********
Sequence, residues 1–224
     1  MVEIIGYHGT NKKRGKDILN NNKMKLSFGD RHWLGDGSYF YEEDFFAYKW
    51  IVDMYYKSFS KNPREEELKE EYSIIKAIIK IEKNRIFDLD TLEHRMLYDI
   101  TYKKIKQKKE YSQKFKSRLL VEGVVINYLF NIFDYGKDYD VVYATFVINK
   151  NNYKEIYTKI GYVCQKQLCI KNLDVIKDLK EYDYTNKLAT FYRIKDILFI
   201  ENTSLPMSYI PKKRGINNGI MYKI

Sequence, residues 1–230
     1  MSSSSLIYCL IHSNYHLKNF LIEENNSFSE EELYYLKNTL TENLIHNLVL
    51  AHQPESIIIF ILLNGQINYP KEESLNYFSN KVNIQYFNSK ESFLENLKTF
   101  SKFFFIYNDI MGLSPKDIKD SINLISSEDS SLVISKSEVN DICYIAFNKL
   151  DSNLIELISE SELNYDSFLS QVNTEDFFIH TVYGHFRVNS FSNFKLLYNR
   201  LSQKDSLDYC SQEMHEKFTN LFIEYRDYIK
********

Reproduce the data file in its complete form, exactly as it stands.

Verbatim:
Sequence, residues 1–224
     1  MVEIIGYHGT NKKRGKDILN NNKMKLSFGD RHWLGDGSYF YEEDFFAYKW
    51  IVDMYYKSFS KNPREEELKE EYSIIKAIIK IEKNRIFDLD TLEHRMLYDI
   101  TYKKIKQKKE YSQKFKSRLL VEGVVINYLF NIFDYGKDYD VVYATFVINK
   151  NNYKEIYTKI GYVCQKQLCI KNLDVIKDLK EYDYTNKLAT FYRIKDILFI
   201  ENTSLPMSYI PKKRGINNGI MYKI

Sequence, residues 1–230
     1  MSSSSLIYCL IHSNYHLKNF LIEENNSFSE EELYYLKNTL TENLIHNLVL
    51  AHQPESIIIF ILLNGQINYP KEESLNYFSN KVNIQYFNSK ESFLENLKTF
   101  SKFFFIYNDI MGLSPKDIKD SINLISSEDS SLVISKSEVN DICYIAFNKL
   151  DSNLIELISE SELNYDSFLS QVNTEDFFIH TVYGHFRVNS FSNFKLLYNR
   201  LSQKDSLDYC SQEMHEKFTN LFIEYRDYIK